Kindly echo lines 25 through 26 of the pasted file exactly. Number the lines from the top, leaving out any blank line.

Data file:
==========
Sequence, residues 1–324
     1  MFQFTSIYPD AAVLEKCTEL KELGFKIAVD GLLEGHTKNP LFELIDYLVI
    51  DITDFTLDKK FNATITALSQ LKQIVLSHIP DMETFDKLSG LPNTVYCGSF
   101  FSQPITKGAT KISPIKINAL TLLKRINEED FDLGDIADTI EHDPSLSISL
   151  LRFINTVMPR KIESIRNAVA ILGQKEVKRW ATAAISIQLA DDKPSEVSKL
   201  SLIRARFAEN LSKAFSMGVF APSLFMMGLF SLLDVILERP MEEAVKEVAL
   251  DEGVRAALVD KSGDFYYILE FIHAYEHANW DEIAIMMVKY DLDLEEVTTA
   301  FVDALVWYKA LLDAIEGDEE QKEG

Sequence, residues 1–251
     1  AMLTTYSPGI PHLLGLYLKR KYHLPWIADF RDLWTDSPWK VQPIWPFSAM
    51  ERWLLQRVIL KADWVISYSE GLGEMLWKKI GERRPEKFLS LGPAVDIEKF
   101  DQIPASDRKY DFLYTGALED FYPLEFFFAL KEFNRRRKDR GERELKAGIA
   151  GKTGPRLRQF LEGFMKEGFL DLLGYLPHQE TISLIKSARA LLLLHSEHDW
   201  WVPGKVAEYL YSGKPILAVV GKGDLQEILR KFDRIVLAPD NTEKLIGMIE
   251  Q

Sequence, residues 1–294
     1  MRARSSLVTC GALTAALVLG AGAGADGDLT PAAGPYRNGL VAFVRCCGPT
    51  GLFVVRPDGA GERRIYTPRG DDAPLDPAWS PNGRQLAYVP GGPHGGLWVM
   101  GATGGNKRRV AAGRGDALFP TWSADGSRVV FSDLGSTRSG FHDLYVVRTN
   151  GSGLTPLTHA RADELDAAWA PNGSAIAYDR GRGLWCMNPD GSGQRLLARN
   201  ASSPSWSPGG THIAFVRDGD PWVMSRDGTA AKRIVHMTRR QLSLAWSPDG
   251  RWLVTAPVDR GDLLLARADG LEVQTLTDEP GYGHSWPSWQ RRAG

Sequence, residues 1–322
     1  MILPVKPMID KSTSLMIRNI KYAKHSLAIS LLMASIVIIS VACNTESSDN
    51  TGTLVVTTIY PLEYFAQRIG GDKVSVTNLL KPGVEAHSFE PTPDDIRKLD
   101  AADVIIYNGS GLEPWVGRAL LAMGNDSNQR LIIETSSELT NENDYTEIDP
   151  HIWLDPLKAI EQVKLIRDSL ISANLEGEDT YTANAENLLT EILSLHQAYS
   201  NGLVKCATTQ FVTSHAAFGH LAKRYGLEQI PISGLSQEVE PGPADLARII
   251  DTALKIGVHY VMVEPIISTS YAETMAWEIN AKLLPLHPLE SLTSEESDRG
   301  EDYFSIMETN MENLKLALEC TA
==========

    51  TGTLVVTTIY PLEYFAQRIG GDKVSVTNLL KPGVEAHSFE PTPDDIRKLD
   101  AADVIIYNGS GLEPWVGRAL LAMGNDSNQR LIIETSSELT NENDYTEIDP